What are quotes that show Juliet is more practical than Romeo in Romeo and Juliet?

Most of the exchanges in act II, scene ii of Romeo and Juliet show Juliet asking sensible, practical questions, beginning with Juliet's question "art thou not Romeo and a Montague?" to which Romeo replies with romantic abstractions, dismissing Juliet's reasonable concerns about his safety and hers.

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Until act 3, scene 1 of Shakespeare's Romeo and Juliet, when Romeo kills Tybalt and the Prince exiles Romeo from Verona, Juliet is no more practical than Romeo is.

Juliet seems to be more practical than Romeo because she behaves in a much less impetuous and emotional way than Romeo does.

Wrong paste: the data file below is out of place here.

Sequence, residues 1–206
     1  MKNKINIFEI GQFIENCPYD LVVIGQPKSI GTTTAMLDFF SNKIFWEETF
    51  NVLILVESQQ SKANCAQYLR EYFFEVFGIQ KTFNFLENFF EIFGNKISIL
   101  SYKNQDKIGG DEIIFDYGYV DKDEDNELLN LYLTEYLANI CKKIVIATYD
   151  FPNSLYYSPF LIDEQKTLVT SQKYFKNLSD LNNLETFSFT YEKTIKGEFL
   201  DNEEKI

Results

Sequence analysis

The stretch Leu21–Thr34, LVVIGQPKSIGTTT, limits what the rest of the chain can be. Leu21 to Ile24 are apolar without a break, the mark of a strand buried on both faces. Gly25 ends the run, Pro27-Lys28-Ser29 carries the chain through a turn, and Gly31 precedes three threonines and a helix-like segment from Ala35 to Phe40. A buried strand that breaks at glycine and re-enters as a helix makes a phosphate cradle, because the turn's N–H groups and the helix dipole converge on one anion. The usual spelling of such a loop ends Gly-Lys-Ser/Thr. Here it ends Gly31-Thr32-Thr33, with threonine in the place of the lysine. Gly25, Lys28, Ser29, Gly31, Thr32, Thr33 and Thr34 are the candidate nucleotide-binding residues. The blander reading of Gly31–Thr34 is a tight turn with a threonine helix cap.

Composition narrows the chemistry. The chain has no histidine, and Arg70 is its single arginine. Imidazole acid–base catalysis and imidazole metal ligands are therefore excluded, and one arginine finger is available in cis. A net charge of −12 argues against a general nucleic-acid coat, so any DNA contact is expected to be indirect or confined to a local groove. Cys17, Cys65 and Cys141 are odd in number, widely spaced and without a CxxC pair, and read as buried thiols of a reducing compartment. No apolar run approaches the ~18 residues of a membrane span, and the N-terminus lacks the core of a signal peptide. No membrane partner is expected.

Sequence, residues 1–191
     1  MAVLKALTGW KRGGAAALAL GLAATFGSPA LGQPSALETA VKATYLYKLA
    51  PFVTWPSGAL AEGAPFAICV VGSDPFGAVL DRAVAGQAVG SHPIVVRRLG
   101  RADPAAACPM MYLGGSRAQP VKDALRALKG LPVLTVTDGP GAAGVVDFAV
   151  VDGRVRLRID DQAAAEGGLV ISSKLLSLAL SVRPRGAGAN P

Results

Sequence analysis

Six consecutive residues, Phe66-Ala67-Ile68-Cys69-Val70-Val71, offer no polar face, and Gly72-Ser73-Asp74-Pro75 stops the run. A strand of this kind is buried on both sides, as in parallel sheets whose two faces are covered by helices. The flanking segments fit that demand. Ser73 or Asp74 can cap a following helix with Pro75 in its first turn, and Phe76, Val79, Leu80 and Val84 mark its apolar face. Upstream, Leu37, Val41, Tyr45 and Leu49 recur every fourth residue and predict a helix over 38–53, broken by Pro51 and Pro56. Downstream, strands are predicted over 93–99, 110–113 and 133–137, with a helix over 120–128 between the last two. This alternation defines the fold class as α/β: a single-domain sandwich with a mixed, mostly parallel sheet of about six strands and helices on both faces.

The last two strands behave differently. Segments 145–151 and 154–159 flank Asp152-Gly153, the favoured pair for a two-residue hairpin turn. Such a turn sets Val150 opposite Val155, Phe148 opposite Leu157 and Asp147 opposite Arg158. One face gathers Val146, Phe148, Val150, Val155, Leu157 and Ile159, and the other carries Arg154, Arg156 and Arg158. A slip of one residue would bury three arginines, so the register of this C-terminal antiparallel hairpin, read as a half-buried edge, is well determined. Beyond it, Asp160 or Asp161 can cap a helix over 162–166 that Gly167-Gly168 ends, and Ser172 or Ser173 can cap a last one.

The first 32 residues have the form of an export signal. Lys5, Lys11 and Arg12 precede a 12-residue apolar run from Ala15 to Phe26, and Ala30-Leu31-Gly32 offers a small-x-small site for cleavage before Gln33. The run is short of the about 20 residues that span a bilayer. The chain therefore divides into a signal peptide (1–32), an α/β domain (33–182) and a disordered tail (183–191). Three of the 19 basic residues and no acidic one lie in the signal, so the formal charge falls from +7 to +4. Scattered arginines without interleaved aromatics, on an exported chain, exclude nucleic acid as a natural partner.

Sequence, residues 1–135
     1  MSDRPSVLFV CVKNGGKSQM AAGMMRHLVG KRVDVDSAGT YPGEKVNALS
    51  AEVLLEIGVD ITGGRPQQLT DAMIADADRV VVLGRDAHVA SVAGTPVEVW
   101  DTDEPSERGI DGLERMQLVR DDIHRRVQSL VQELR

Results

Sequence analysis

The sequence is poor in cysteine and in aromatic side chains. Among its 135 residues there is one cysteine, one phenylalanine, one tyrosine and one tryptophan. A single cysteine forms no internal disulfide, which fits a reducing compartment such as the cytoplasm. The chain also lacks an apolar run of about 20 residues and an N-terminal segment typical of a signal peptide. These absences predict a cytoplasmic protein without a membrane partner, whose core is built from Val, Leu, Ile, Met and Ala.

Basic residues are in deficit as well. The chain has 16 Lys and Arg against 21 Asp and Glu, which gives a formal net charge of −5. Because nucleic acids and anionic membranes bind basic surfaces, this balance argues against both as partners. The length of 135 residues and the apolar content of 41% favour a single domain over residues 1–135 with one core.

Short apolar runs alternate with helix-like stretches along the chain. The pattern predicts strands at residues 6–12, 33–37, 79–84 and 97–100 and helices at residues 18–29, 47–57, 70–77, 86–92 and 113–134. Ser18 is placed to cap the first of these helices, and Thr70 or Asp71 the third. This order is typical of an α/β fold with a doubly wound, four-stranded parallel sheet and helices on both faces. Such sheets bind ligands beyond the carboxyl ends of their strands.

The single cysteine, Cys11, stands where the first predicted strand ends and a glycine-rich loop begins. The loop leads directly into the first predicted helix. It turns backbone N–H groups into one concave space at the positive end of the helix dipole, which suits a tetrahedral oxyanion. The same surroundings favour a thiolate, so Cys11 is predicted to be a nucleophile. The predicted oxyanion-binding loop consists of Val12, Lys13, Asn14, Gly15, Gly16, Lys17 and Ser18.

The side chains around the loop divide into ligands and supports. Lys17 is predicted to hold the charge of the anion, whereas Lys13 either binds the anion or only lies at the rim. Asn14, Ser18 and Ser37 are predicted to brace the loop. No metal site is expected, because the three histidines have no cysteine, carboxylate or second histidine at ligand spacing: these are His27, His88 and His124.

In act 1, scene 3, for example, Juliet's mother, Lady Capulet, tells Juliet that Paris is interested in marrying her, but rather than jump at the opportunity, Juliet takes a much more measured approach.

LADY CAPULET. Speak briefly, can you like of Paris’ love?

JULIET. I'll look to like, if looking liking move;
But no more deep will I endart mine eye
Than your consent gives strength to make it fly. (1.3.100-103)

At about the same time that Juliet is speaking with her mother about Paris, Romeo is lovesick over "the fair Rosaline."

ROMEO. Why, such is love's transgression.
Griefs of mine own lie heavy in my breast...

Love is a smoke rais'd with the fume of sighs;(190)
Being purg'd, a fire sparkling in lovers’ eyes;
Being...

(The entire section contains 4 answers and 1469 words.)

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